Thursday, May 07, 2009

Theatre Marketing - The Good & The Bad

This is essentially a combination of two related topics that have been on our mind for a while - taking a look at the benefits of theatre "Friends" schemes and highlighting some of the more frustrating marketing methods currently in use. Last year I wrote what amounted to a fairly substantial rant entitled "Theatre is Killing The Planet" - but Waldorf wouldn't let me post it. However, after the excellent initiative taken by the Tron this week to reward regular theatregoers I think it's a good time to have a look at the best and worst practice we encounter in Theatre marketing and promotion...

On Wednesday night we attended a performance of "Bliss + Mud" at the invitation of the Tron theatre who provided us with complimentary tickets for the evening. At View From The Stalls we have a general policy of declining the press tickets we are often offered and prefer to support the artists and theatres that give us so much pleasure. We'd never trade on the fact we run this site to get free tickets. But this was different. We weren't offered tickets as 'View From The Stalls' but as individuals who (along with a large group of others) had been identified as regular attendees at the Tron in recent months. Yes, along with the drinks and canapes there was a gentle promotion of the benefits of signing up their new Patrons Scheme, but it was an absolutley inspired initiative by the Tron, and even for natural cynics like us it created a genuine feeling of warmth that our support is appreciated. So how do the "Friends" schemes and marketing methods used elsewhere measure up?

Even prior to the invite to "Bliss + Mud" we had already determined we would sign up for the Tron's new scheme. As soon as the leaflet came through the post it was a done deal. In fact, I had to read it several times before I was convinced there wasn't a catch somewhere that I was missing. From £100 annually, benefits include a pair of tickets to the opening night of Tron Theatre Company productions (with complimentary interval drinks and an invitation for two to the post-show drinks reception), an opportunity to attend supporter events and new Patrons will receive a bottle of whisky from Tron sponsor AnCnoc. So, needless to say we'll be signing up in the next few days.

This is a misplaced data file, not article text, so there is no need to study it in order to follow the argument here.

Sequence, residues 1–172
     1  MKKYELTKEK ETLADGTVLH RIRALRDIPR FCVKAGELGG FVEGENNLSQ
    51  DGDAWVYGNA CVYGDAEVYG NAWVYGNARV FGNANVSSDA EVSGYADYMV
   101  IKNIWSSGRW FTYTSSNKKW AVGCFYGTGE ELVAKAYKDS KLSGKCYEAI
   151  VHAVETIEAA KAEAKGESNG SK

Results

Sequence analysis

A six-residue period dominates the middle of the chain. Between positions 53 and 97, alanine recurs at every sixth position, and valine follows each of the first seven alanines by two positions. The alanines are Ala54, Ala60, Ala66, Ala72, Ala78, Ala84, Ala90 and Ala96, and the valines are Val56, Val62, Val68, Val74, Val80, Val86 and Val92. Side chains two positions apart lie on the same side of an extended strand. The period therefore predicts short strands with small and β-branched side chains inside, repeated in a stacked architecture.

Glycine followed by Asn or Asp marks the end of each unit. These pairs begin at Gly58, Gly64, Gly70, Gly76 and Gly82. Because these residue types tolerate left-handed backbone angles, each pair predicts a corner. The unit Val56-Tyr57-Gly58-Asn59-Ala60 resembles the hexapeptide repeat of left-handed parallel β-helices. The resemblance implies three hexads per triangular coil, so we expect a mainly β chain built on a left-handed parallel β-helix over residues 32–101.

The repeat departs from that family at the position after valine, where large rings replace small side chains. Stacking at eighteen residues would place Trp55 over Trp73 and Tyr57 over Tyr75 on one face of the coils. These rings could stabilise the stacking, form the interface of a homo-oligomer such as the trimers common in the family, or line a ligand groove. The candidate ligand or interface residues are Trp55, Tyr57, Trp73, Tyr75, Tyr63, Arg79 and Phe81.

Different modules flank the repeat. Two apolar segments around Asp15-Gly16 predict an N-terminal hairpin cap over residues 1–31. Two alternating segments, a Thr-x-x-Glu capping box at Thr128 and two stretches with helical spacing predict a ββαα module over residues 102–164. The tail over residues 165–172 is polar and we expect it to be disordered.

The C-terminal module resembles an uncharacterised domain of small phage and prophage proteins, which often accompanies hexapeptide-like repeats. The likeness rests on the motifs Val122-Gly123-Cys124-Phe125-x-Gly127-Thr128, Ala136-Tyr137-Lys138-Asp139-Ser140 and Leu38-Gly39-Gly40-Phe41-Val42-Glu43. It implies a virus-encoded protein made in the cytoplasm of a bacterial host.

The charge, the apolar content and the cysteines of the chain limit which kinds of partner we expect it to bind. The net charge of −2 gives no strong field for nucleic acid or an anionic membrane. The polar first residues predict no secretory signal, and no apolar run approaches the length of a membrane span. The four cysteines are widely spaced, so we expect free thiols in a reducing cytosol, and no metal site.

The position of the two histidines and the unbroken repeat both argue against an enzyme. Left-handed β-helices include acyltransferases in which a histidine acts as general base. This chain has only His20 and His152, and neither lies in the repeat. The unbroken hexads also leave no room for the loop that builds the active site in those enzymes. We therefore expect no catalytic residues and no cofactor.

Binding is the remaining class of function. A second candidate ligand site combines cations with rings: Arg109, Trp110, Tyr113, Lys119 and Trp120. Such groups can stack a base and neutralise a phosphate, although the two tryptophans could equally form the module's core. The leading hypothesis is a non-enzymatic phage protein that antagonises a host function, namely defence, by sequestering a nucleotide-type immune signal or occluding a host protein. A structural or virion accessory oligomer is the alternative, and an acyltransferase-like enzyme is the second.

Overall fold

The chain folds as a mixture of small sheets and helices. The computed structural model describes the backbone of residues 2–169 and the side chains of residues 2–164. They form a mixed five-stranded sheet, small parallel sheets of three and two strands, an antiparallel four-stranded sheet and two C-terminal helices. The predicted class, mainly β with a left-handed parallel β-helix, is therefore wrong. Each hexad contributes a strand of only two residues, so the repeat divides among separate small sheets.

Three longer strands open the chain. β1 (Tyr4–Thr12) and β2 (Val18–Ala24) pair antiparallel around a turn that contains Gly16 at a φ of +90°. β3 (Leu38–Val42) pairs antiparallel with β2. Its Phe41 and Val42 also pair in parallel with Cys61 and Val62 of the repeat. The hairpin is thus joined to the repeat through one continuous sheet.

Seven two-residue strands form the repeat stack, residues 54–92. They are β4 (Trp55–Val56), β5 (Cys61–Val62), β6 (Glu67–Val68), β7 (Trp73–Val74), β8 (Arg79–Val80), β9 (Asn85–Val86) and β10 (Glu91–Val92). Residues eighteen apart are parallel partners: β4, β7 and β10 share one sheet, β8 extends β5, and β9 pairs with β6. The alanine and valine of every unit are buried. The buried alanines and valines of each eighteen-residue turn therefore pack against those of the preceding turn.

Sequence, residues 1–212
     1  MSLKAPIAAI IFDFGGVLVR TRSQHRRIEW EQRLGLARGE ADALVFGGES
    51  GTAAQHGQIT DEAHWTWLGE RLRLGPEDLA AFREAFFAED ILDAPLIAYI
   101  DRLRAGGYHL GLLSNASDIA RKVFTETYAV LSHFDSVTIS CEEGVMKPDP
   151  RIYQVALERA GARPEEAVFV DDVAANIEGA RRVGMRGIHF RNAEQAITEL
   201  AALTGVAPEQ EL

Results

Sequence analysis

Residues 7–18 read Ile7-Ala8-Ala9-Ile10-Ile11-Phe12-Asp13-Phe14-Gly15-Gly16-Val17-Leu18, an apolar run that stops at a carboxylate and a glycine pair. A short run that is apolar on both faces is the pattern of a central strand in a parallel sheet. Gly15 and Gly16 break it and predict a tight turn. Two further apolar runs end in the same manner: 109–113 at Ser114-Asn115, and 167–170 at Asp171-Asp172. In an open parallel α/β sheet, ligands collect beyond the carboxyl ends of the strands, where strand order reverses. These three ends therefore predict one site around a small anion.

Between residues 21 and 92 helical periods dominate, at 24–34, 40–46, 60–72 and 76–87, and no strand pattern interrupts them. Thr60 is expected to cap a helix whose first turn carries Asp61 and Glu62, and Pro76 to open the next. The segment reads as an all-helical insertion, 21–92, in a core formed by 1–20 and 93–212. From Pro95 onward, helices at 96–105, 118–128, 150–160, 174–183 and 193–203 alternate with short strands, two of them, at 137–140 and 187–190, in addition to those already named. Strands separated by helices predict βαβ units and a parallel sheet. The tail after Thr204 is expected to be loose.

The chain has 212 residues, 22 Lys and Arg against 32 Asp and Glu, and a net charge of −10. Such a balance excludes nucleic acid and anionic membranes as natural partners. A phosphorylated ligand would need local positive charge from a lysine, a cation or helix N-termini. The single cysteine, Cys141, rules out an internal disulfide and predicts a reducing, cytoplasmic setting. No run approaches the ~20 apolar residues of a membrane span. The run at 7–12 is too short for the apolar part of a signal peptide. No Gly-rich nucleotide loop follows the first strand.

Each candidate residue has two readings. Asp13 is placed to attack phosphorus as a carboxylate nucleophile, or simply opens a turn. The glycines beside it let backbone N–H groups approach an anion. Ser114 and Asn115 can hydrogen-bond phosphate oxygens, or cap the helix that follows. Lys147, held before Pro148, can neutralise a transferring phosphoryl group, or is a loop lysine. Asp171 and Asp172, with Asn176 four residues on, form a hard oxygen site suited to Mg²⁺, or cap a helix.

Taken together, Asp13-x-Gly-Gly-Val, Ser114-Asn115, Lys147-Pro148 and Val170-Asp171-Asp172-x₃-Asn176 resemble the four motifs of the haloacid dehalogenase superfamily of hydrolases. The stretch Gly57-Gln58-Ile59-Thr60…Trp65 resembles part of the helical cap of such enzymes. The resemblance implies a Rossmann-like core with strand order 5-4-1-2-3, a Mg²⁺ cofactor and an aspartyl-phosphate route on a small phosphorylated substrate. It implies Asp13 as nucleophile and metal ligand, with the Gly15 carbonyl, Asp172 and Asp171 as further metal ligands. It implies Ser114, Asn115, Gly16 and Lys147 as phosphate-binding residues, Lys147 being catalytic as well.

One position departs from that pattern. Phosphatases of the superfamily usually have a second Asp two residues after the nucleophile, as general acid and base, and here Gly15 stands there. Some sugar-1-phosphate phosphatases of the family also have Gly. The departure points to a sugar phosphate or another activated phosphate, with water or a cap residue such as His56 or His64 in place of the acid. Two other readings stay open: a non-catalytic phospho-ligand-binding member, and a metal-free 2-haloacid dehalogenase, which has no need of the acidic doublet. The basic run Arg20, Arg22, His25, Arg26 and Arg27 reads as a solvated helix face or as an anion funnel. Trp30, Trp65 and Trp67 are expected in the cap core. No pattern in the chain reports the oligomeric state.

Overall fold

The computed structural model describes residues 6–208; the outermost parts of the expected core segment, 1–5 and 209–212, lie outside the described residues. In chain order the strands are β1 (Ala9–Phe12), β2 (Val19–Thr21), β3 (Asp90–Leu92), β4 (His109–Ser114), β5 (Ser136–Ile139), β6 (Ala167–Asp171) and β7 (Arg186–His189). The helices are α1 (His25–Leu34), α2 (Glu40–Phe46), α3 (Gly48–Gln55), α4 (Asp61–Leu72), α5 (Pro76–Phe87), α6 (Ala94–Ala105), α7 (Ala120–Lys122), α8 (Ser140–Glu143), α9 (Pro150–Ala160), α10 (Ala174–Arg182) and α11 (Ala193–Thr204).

We've been "Friends" of the Citizens for a couple of years now and spent a very enjoyable Saturday morning back in March at a Friends event with Q&A's with senior members of the Citz team. At £40 for annual joint membership we viewed this largely as a donation to the Citz and never took advantage of their "Friends Wednesdays" discounts as the Tuesday night £7 offer available to anyone was better. But there were occasions such as the Audience with Sir Alex Ferguson when the short period of priority booking was very handy. The Citz are conscious that they haven't quite made the most of the opportunity to build a wider community of supporters and the scheme is currently in the process of being revamped.

As regular readers may be aware, we aren't really fans of the Kings & Theatre Royal in Glasgow. Previous experience has made us wary of their touring productions and the comfort factor isn't great. Yet, you may be surprised to know that we are in fact currently members of their joint Friends of Glasgow Theatres scheme. It was certainly more by accident than design - when we booked tickets over the phone for "The Love of Three Oranges" we were asked to join the scheme - and by doing so we instantly saved more on the ticket price than the membership fee cost us. We haven't looked at the other benefits of the scheme but if you are planning a visit it's definitely worth looking at just how the finances work out.

Now given our somewhat ambivalent attitude to Opera we won't be signing up for the current supporters scheme from Scottish Opera, but the mailshot we received was so fantastically creative that we'd like to bring it to your attention as a model of making an impact (although disappointingly their website isn't half as pretty as the paper version).